It’s a good thing a Georgia farmer was paying close attention when cutting his hayfield this week, because an unlucky fawn was laying well-hidden in harm’s way and wasn’t going to move.
From the seat of his tractor, Michael Kougioulis spotted the white-specked young deer rooted in place in the high grass and managed to stop before it was too late.
“Anyone who’s cutting your pastures, or tall grass, keep an eye out for these guys,” Kougioulis said in a Facebook post, sharing pictures of the fawn he whisked to safety. “They won’t move, you WILL hit them If you’re not careful.”
A doe will often leave their fawn alone while they go out to forage, placing them in areas where they will be safe until returning, according to the Maryland Department of Natural Resources. By instinct, fawns stay exactly where their mother left them and sit motionless when they feel threatened. The urge to run, and the physical ability to do so, come as the deer grows older.
“Unlike human children they do as their mother says,” one woman commented.
To the mother deer, Kougioulis’ field must have seemed like a perfect spot for fawn — but she picked a bad day. It’s likely more than one doe made that mistake, as Kougioulis had to move two more fawns out of the way that day, according to his post.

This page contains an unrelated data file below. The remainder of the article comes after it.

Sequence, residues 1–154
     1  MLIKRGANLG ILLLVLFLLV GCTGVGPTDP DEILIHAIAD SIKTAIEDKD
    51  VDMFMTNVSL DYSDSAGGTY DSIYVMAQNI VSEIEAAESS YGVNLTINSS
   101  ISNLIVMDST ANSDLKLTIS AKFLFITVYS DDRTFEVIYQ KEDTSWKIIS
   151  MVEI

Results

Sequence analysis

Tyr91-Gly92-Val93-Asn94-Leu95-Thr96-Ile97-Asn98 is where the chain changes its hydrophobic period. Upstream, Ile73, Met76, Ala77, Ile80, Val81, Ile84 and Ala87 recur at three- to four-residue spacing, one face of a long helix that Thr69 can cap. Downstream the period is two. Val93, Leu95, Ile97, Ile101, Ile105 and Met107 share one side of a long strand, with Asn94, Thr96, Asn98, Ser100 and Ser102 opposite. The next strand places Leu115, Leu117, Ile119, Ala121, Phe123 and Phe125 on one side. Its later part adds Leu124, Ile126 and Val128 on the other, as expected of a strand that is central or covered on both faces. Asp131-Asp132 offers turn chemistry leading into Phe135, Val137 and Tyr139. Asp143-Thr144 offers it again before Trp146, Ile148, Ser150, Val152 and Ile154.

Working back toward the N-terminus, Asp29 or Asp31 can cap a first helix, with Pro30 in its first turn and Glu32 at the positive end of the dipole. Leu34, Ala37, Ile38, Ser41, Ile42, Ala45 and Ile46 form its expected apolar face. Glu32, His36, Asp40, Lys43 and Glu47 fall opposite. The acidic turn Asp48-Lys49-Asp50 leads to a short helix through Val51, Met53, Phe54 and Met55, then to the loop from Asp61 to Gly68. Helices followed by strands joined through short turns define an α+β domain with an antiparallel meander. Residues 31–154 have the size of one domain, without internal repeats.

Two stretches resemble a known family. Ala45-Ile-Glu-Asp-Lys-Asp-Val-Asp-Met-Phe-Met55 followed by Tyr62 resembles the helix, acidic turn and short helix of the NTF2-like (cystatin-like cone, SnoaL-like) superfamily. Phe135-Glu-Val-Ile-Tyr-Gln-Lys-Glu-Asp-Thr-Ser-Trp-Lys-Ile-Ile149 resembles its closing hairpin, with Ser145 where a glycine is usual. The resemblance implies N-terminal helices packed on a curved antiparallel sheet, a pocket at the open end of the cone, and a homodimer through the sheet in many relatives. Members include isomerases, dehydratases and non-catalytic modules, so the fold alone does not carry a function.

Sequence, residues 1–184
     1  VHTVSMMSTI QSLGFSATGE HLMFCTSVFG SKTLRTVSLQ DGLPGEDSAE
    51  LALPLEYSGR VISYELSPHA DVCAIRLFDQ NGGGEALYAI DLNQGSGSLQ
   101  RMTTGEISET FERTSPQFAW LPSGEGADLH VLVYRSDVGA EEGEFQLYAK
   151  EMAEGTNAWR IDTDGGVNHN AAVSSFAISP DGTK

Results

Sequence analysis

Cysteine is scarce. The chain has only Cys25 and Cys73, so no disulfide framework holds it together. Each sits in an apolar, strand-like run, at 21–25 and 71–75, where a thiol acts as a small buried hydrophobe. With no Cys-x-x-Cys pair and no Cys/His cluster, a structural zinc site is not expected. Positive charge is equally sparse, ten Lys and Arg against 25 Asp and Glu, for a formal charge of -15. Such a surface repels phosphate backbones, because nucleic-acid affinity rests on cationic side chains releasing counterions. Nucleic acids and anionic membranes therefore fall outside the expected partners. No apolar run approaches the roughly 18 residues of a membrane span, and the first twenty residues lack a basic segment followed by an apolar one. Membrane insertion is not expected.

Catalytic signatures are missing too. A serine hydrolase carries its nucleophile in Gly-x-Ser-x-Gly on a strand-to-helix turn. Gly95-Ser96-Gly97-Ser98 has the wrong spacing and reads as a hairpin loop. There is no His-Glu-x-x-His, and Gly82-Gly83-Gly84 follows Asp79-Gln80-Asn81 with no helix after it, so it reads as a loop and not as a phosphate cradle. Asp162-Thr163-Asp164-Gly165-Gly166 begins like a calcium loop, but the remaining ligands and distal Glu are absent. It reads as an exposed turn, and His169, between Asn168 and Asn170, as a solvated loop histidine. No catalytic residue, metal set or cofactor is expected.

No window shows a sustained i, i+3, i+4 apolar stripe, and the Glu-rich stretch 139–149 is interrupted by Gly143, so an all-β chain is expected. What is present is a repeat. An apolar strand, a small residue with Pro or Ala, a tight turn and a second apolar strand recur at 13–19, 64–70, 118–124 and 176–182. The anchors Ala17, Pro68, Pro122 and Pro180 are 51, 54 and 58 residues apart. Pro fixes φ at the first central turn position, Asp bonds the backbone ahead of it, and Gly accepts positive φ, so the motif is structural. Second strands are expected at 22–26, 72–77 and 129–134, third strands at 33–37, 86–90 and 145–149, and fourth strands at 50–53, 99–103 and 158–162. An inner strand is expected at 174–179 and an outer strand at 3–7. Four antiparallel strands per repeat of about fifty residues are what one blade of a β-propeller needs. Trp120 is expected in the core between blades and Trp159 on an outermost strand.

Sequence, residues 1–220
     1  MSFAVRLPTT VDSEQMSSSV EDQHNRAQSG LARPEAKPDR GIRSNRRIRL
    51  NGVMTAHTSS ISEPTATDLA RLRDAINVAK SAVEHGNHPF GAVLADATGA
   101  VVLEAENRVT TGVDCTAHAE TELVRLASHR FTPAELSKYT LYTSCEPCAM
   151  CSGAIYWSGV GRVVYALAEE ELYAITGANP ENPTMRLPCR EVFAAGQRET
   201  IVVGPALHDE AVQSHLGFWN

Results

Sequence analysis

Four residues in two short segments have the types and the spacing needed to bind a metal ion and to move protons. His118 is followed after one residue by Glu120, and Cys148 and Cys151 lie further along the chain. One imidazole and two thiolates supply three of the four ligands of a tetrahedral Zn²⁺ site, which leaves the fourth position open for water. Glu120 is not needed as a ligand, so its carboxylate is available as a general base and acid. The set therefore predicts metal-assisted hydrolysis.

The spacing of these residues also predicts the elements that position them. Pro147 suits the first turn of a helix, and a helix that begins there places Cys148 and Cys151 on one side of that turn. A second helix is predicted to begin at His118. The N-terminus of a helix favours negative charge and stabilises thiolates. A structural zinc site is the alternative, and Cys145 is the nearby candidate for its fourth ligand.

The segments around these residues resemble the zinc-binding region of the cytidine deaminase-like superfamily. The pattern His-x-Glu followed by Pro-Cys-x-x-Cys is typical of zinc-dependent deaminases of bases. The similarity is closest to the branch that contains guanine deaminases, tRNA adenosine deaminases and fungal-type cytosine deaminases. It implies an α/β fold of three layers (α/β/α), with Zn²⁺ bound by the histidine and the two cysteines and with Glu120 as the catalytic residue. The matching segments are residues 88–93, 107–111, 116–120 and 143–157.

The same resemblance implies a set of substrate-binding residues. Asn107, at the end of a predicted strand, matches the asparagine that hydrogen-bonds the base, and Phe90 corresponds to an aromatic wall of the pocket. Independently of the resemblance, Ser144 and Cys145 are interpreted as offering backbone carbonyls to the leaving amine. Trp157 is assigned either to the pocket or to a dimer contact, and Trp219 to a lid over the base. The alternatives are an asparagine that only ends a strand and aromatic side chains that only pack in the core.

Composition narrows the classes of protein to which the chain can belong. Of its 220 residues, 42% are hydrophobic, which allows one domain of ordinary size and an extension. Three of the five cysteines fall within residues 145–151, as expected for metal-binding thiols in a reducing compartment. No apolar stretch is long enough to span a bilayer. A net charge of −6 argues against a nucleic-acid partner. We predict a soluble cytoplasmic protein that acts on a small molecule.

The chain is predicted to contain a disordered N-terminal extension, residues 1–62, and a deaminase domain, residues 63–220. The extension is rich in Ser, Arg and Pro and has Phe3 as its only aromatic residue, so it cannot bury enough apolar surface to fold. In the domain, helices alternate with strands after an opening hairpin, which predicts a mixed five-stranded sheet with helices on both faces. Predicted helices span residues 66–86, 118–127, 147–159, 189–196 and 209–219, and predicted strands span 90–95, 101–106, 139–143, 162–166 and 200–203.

“Keep them safe, they need your help,” he said.
Kougioulis’ rescue, and his warning to others, has been getting a lot of attention. As of Thursday, it has been shared more than 70,000 times and garnered nearly 950 comments.
Many thanked the farmer for saving the animals.
“I’ve seen so many not be so lucky!” a commenter wrote. “Good eyes you’ve got there! It is truly very difficult to see them.”
Plenty of folks simply gushed over the posted photos, adoring the deer, and sometimes, the man.
“Sweet. And so cute!” one commenter said. “The deer are cute too!”
“Ummm if you’re single make this your profile picture ASAP and watch the ladies come running!” said another.
Some expressed concern about the safety of the fawns, worried that their mothers would abandon them after Kougioulis handled them, thereby leaving his human scent.
This popular belief is a myth, according to wildlife experts: “The doe-fawn bond is very strong” and human or pet odors will not deter the mother from her young.
Generally speaking, fawns should be left alone. But if they have to be handled, such as if they’re in the path of an oncoming tractor, there are some things people should keep in mind.
“The fawn should be placed in or next to natural vegetation near the location where it was found to provide cover and protection. The doe will avoid the area until the disturbance has passed, after which she will search for the missing fawn,” experts say. “If more than 24 hours have passed, the fawn may need attention from a wildlife rehabilitator.”